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3) braid length of strip making sure it doesn’t get all twisty. Secure end with something if you are not going to sew right away.

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4) place ends together and fold the braided end into the seam so there is a nice, smooth finish.

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I was so proud of myself. These were easy and now I didn’t have to get those elastic headbands from the store. You can get creative, too and make them a little fancier. I took one strip, about 1/4 inch thick and cut that into three really thin strips (like, thin enough to thread beads). Cutting the ends at an angle helps to thread the beads. 20130421-211117.jpg20130421-211719.jpg
I originally intended to do this braided thing where the beads always end up on the outside but my tank fabric was not structured enough for this. So I just threaded several beads per strand and then randomly spaced them out. 20130421-211727.jpgIt turned out really cute.

Of course, this project doesn’t use up all the tank. Even if you made a dozen headbands, you would still have scraps left over. I had the seams from the neck and arm holes and small strips I had cut of from the length.

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I didn’t want to throw them away. So I started making flower pins.

The seams were perfect for a rosette because they are already folded for you! It made a very contemporary, compact flower.
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The strips I ruffled by using a running stitch and then pulling taught until I got the ruffle I wanted. 20130421-211210.jpg20130421-211154.jpg<I then sewed the ruffle around until I got a the desired effect. 20130421-211159.jpgTotally adorable. 20130420-131123.jpg20130420-141521.jpg20130420-141528.jpg

I also made a third type of florette. A simple string of five circles, folded in half and connected with a running stitch.

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Going Paper(towel)less

I always considered myself a rebel within my family for buying cheap paper towels. My sis, for example, is a paper towel snob and always has nice, thick paper towels. My mom, while not as particular, was fanatical about keeping them in the house, always. Her day would be immediately ruined if she realized that she was out of paper towels. I was somewhere much further down the spectrum (towards the less crazy end) but sheepishly admit that I never considered giving them up–even my really cheap, thin ones.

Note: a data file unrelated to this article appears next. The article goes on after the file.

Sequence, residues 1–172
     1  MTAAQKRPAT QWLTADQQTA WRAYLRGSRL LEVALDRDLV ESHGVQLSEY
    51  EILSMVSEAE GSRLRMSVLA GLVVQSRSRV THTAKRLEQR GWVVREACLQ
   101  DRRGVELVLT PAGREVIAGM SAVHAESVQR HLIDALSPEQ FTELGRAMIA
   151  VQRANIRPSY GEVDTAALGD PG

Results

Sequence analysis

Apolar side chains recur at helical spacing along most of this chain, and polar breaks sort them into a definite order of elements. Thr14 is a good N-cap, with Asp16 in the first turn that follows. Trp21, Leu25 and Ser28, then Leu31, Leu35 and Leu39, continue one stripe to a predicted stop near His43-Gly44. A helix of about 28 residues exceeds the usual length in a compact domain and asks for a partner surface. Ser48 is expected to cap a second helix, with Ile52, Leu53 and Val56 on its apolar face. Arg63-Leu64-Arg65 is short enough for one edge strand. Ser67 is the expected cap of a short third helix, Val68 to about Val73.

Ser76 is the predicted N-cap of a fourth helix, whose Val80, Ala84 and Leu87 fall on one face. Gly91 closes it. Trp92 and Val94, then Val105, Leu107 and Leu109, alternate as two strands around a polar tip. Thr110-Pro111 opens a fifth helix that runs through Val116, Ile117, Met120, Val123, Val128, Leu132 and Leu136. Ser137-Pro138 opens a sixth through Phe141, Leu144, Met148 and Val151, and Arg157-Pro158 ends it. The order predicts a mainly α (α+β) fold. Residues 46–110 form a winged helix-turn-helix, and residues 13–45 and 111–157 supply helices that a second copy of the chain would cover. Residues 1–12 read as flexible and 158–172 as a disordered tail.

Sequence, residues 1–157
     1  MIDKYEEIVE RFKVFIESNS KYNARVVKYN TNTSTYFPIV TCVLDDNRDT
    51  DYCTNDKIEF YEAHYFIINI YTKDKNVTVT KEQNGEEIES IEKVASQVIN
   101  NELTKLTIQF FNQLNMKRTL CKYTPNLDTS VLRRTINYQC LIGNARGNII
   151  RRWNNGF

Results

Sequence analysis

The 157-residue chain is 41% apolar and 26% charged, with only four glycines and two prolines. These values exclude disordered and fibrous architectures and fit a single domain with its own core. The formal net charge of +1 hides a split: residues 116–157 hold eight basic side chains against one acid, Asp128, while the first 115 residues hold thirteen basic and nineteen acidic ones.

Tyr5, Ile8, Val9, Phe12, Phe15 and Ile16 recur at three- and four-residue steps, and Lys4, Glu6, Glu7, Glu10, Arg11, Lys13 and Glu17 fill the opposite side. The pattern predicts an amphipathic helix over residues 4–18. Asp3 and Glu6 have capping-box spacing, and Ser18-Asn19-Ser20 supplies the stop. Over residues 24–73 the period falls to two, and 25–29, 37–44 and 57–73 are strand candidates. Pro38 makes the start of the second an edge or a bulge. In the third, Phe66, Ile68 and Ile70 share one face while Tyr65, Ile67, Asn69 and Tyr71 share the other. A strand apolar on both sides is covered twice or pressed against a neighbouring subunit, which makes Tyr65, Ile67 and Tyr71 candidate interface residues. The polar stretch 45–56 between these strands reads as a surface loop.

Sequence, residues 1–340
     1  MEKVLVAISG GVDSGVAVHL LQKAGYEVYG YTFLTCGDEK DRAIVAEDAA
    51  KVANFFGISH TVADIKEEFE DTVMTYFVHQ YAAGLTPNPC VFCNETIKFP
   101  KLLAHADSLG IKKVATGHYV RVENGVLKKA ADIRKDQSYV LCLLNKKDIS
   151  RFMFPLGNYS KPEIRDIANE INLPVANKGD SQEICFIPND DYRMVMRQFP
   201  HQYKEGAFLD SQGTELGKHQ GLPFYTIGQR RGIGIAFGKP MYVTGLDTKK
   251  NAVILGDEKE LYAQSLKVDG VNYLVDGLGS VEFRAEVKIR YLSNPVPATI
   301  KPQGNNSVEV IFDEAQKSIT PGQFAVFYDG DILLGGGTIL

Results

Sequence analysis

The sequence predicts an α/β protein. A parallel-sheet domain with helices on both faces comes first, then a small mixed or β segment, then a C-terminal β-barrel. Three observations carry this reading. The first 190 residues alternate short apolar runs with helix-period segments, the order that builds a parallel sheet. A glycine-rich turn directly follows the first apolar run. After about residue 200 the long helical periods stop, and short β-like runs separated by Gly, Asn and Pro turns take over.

As I assessed the paper waste I was producing, I realized that paper towels were a sizable chunk. So I decided to make the commitment to using less. The obvious solution was switching to washable towels.

I resisted this idea for quite a long time because I bought into the idea that re-used towels would just be spreading germs all over the place. Modern marketing has done its job on me. (I mean, when I saw the new disposable towels for the bathroom, I thought for the briefest moment that I had to have them. But seriously, is it that much work to change out the bathroom hand towel? And for the most part, it’s just me and my husband…and we do things a lot more personal than share hand towels, so…no, I did not have to have this new product.)

My first foray into replacing disposable paper towels was a failure. I was in a neat, little shop I frequently frequented and came upon this seemingly brilliant product: Jagneus Design dish cloths. The product came in a pack of three, was eco-friendly and a bit over-priced, so I thought, “this has to be good!” Plus, is was Swedish, and they make nice things, right? The idea with these is that you use them, wash them, and when you are done, they are compostable. They are made of cotton and cellulose.

The problem was that they were incredible stiff unless fully wet, and I was trying to avoid constantly wet towels. Even if they were supposed to dry quickly, quick wasn’t a few minutes. So you were constantly messing with a wet towel, or a stiff towel. Maybe I just didn’t “get” them, but they weren’t for me. I don’t feel bad about this. The company seems to do just fine, and they should…charging what they do for a dish towel.

So I spent the same amount of money at Kohl’s and got a pack of 12, 100% cotton towels. They were just like the face towels I had purchased a couple years before, except in the kitchen section. And from I understand, these kind of towels are bio-degradable as well. Though on this issue, I will follow up because I am a bit skeptical.

As to my transition, I have certain rules. This section is for friends that come over so you don’t think I have a gross house. I have plenty of towels so that I don’t run out before I wash the lot of them, which is about every two weeks. I basically use a different towel every day. I only use counter towels for the counter and floor towels for the floor and I don’t use them for drying dishes. If I wipe up milk or clean up after meat, the towel goes in the dirty bin right away. The towels are never allowed to sit there sopping wet. To me, wet equals a bacteria breeding ground.

The pack of twelve set me back about $10 and I had some random other small towels, though I know it can be done more cheaply with a bit more investigation and planning. I am not counting the money spent on the Jagneus product– I am going to consider that as a donation to a green company. Anyhow, seeing as how I was going through a roll of paper towels a week, at about a buck if i was lucky, and now one roll lasts approximately a month, I feel that it is a worthwhile investment and a valuable effort. I’m not down to zero paper towels because every once in a while there is the warm cat puke or gross thing that comes out of the clogged drain that I just don’t want to mess with, and I tend not to buy napkins, which my mom just doesn’t understand. I am doing better, which meets my goal: to keep improving and reducing.